Daily Beast Writer Attacks Dolezal, Worrying About Impact on Push for Transgender Equality

June 16th, 2015 6:45 PM

I have to admit, watching liberals divide into two mutually-exclusive camps over the Rachel Dolezal "transracial" nonsense is kinda fun. Samantha Allen of the Daily Beast comes down squarely on the side that attacks Dolezal's actions as inexcusable, in no small part because it may be "damaging" the push for cultural normalization of transgenderism.

As Allen explains in "Dolezal's Damaging 'Transracial' Game" (emphasis mine): 

“I identify as black.”

With those four words, uttered during an uncomfortable Today Show interview with Matt Lauer, recently-resigned NAACP chapter president Rachel Dolezal may have singlehandedly set perceptions of transgender people back at least as many years.

In the past few days, some conservatives have latched onto Dolezal’s bizarre tale of “transracial” masquerading as a way to discredit Caitlyn Jenner and other transgender people, prompting a flood of response pieces pointing out the scientific spuriousness of the comparison.

But with her Today appearance, Dolezal seems determined to appropriate not just blackness but the rhetoric of transgender identity as well. Even more troubling: she’s getting away with it. Despite an avalanche of evidence to the contrary, some liberal commentators are beginning to repeat Dolezal’s use of transgender rhetoric.

When asked by Lauer point blank whether or not she is “an African-American woman,” Dolezal simply responded, “I identify as black.”

The language of identity is often used in the transgender community to describe a disconnect between the gender someone was assigned at birth and the gender with which one identifies. Most transgender men, for example, were listed as “female” on a birth certificate but identify as men and, accordingly, take a range of social and medical steps to correct that initial assignment.

By expressing her racial identity in this now-familiar “I identify as…” format, Dolezal is drawing a direct parallel between her own fraudulent behavior and transgender identity in a post-Jenner moment when the public was beginning to accept the latter’s psychological legitimacy.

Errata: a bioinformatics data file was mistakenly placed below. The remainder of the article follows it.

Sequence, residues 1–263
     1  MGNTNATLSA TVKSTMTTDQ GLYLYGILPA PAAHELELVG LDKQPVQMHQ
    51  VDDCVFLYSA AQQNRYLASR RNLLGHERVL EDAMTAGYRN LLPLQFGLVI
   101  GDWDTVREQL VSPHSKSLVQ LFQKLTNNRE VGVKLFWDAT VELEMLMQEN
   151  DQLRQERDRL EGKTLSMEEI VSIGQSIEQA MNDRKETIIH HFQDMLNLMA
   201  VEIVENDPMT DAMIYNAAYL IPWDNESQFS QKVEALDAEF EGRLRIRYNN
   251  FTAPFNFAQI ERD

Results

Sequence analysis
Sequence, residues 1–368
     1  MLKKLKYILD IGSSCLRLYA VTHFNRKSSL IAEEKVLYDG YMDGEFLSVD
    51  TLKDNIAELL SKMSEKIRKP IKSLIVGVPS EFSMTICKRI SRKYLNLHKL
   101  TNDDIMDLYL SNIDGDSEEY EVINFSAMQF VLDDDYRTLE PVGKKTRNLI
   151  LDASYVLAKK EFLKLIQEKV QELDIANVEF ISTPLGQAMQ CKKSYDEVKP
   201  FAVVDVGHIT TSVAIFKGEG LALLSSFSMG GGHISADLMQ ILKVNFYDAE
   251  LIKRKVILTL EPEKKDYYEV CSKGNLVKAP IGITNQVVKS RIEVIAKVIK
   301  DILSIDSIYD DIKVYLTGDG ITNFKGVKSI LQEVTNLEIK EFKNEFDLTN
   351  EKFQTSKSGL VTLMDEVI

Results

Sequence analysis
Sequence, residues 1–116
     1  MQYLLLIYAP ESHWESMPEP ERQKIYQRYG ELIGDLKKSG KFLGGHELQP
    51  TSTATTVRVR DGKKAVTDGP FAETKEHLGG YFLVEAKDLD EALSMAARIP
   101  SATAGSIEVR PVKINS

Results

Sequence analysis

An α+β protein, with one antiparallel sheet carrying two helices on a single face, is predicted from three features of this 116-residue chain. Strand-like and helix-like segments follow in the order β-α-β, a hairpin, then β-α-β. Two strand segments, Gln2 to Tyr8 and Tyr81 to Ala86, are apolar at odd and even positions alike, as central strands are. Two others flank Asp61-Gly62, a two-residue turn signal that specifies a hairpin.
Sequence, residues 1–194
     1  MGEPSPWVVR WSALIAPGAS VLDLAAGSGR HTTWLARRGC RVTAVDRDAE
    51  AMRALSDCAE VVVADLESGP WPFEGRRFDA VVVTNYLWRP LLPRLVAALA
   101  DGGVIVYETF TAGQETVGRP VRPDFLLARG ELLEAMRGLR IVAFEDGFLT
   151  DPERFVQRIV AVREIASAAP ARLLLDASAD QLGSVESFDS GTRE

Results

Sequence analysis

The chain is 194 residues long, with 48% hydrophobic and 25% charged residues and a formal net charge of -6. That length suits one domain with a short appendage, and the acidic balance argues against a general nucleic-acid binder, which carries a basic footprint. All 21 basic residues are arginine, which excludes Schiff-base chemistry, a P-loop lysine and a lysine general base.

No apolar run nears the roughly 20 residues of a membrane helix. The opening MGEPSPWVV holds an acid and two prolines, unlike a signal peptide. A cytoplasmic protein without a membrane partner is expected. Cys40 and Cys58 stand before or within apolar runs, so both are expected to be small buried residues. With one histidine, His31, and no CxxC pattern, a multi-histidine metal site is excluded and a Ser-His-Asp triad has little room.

But wait, not so fast. Also at the Daily Beast, Barrett Holmes Pitner fails to see what the big whoop is, well, aside from the issue of Dolezal's mendacity in misleading people about not being black-from-birth, as it were. As he sees it: "If Rachel Dolezal Says She’s Black, She’s Black. Sort Of" (emphasis mine):

Dolezal’s children claim that she is culturally black, but acknowledge that genetically she is not. Dolezal is 37 years old and has lived as a black person for only a decade, so naturally I will question if she has the firsthand experience to claim a “blackness” equal to mine. Yet who am I to decide how much time anyone needs, or what experiences they must have, to personally identify with black culture? This is a question that has never presented itself, so having an answer in less than a week seems like asking a bit much of me.


As I continue to think about Dolezal, I consistently think about the inadequacy of the arbitrary racial divisions that this nation created hundreds of years ago. Black identity and culture have always been interwoven and inseparable, and the only requirement for being able to claim both was the presence of any noticeable or discoverable amount of African ancestry.

The oppressive intent of the one-drop rule may be gone today, but we still determine our identity by it. I am strangely uncomfortable using the same rule now to completely deny access to a person with “no drop” of black lineage. To me, being black is both an apparent genetic history, but also a socio-cultural one built around experiences and values borne of struggle.

Without knowing where we go from here, I still wonder whether it’s time to create a space where someone can properly adopt some part of black cultural identity without being subjected to a genetic “authenticity” test. Maybe we should begin examining the possibility of a “no drop” rule where people without any African ancestry can work towards culturally becoming black?

Honestly, who knows what the next step will be in this saga, but no matter what, this is a remarkable opportunity to reexamine the racial constructs that divide us and chart a path that could be more educational and welcoming.

Substitute "racial" with gender and you have there, essentially, the logic of accepting a transgendered woman like Caitlyn Jenner to be, in fact, "culturally" a woman -- although biologically and genetically Jenner was born a male and thus ever shall remain.

[Hey, here's a crazy idea: let's drop the notion of "race" altogether since it's a sad artifact of the social Darwinist movement that has no scientific ground. There's only one race that we all share, and its the human one.]

Of course, it is the Left and its self-appointed tolerance police who have sown to the wind and are now reaping the whirlwind here as incidents like the Dolezal affair highlight the obvious logical inconsistencies that bedevil the Left's identity-politics coalition (minorities, pro-choice women, and LGBT).